Italian singer Wilma Goich’s distinctive voice made her records instantly recognisable. She enjoyed a successful career in the 1960s, cutting some fine tracks and taking part in many a song contest. In the 1970s she teamed up professionally with her husband and chalked up further hits as the duo I Vianella.
She was born on 16 October 1945 in Cairo Montenotte, in the Liguria region of north-west Italy. Her parents were immigrants from Yugoslavia, and the family moved to Milan while she was still a child.
She showed an interest in singing from a young age, and in 1963 she entered the Verbania festival for new talent. After finishing second, she was approached by the Ricordi record company and promptly signed a contract with the label.
Her first outing for Ricordi was I proverbi, which was issued in tandem with a track by new star Bobby Solo in 1964.
Later that year she performed the dramatic Dope il sole pioverà at a contest to find newcomers to take part in the San Remo song contest. Although the single wasn’t overly successful, Wilma was offered the chance to take part in the Mediterranean song festival in Barcelona, which she won with Ho capito che ti amo. The song became a hit in host country Spain but not in her homeland. She also recorded the song in Spanish as He sabido que te amaba.
She also took part in that year’s Rose festival with Era troppo bello.
She took to the San Remo stage finally in January 1965 with Le colline sono in fiore. The practice at the time was to have two artists – one Italian and one international – perform each song. The New Christy Minstrels also performed her entry, and the song went through to the final. It didn’t win, and to compound Wilma’s misery, her single stalled at number 15 while her rivals’ version topped the charts in February that year.
Releasing Italian hits in Spain was very common at the time and artists such as Mina and Rita Pavone had also found success in other parts of Europe. So the decision was made to launch Wilma in France and Germany too. Her San Remo entry was translated, becoming Le printemps sur la colline in French and Die Liebe kommt wieder in German.
When her German follow up, the original composition Dream love – a great Supremes-styled number from the pens of hit songwriters Henry Mayer and Kurt Hertha – failed to sell, her record label pulled the plug on further German releases.
Back at home, however, the 1965 single L’amore al mare, which included her Festivalbar entry Un bacio sulle dita on the reverse, consolidated her success, reaching number 25 in the charts.
An album, La voce di Wilma Goich, issued in late 1965, brought together most of her previous releases and some new material, such as Facile non è, a version of US group The Essex’s Easier said than done.
With her career blooming (pun intended), Wilma returned to the San Remo contest in 1966 with another ‘fiore’ song, In un fiore. (Madagascan-born, Paris-based six-some Les Surfs also performed the song.) Again Wilma reached the final, and the resultant single gave Wilma her biggest hit when it reached number five in the Italian charts in February that year. (Again, her rivals’ version fared better, reaching number four.) Nevertheless, the song has become something of a signature tune for Wilma.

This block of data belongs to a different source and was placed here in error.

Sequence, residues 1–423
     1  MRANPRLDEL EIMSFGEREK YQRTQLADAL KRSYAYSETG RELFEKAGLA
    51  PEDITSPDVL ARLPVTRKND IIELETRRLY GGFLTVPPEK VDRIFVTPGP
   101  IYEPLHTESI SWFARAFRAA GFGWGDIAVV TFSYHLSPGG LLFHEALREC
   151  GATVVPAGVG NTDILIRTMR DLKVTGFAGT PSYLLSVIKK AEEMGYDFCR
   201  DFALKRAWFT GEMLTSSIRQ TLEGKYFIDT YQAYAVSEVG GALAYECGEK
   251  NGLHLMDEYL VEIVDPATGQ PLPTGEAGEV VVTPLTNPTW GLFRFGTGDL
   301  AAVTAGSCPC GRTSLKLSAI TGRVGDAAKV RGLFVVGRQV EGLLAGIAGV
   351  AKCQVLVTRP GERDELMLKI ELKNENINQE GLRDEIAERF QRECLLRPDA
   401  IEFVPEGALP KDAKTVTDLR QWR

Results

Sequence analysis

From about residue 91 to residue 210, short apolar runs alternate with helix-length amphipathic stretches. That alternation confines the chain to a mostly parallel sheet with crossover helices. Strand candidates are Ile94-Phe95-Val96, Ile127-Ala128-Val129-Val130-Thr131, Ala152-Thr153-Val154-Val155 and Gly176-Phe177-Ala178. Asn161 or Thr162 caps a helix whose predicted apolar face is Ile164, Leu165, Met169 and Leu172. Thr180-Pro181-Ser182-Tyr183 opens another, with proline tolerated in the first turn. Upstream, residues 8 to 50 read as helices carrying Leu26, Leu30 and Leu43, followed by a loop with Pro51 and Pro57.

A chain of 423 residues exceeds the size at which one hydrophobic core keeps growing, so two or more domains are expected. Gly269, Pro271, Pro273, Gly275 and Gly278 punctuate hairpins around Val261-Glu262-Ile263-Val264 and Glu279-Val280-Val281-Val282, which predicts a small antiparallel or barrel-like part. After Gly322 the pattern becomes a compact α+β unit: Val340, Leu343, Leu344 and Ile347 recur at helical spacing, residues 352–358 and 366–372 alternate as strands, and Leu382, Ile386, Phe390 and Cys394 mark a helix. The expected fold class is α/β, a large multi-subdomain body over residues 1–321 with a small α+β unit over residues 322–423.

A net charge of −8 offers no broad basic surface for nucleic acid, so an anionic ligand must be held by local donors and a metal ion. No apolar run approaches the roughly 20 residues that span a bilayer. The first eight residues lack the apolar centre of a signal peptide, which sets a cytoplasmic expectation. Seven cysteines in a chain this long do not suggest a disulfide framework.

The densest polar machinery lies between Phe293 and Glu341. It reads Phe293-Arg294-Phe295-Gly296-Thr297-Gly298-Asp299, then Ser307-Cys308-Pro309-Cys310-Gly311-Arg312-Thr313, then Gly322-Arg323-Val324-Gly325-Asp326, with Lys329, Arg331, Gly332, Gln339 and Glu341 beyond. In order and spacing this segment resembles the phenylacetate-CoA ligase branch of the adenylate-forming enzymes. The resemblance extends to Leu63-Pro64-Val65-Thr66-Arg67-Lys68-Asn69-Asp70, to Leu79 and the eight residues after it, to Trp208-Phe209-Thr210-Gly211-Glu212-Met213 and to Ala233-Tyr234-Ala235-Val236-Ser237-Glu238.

That summer, Attenti all’amore became her entry to the Un disco per l’estate contest and provided the singer with another top 20 hit, while the more yé-yé Pè strade é Napule was performed at the Naples song contest.
Despite reaching the final with a further appearance at the San Remo contest in 1967 with the
folk-ish Per vedere quanto è grande il mondo, Wilma failed to repeat the sales of her previous entries, managing only to scrape into the Italian top 40.
She fared better at that year’s Un disco per l’estate, finishing third with the gentle Se stasera sono qui. The song gave her a second top ten hit, reaching number seven in July that year.
Se c’è una stella became her last 45 of the year, and proved another hit. Perhaps surprisingly, she chose to cut Dolcemente, a version of Elvis Presley’s Love me tender, for the B-side, though the song has proved too glutinous for repeated consumption.
By this time, Wilma’s career was based squarely around appearances at Italy’s many song contests, and her 1968 San Remo entry, the catchy Gli occhi miei, proved her last solo chart hit.
Its follow up, the flop Tu cuore mio, is arguably more interesting for its B-side, Le formiche, which had been written by future multi-million seller Lucio Battisti. Even an appearance at the Un disco per l’estate contest that year performing Finalmente couldn’t reverse her chart fortune.
The problem was that she had slowly evolved into something of a Schlager singer over the years. Her performance at the 1969 San Remo contest is a case in point. She performed Baci, baci, baci, and even the appearance of US soul group The Sweet Inspirations singing the song couldn’t render the song anything other than dire.
The decade might have ended in a whimper had it not been for the release of Wilma’s own composition, Carosello, as the B-side of her final 45 of 1969, Casatschok.
In the early 1970s, she teamed up professionally with her husband, Edoardo Vianello, to form the duo I Vianella. The pair enjoyed considerable success with songs such as Semo gente de borgata in 1972 and Canto d’amore di Homeide in 1973.
After a few years’ break, Wilma attempted a comeback in 1981 with a cover of Abba’s The winner takes it all, Allora prendi e vai.
She continued to record sporadically and even returned to the San Remo festival in 1994 as part of an ‘Italian team’ to perform Una vecchia canzone italiana.
In 1995 she began acting, appearing in shows such as Gli uomini sono tutti bambini, and in 1996 she re-recorded some of her old I Vianella hits with her daughter, Susanna.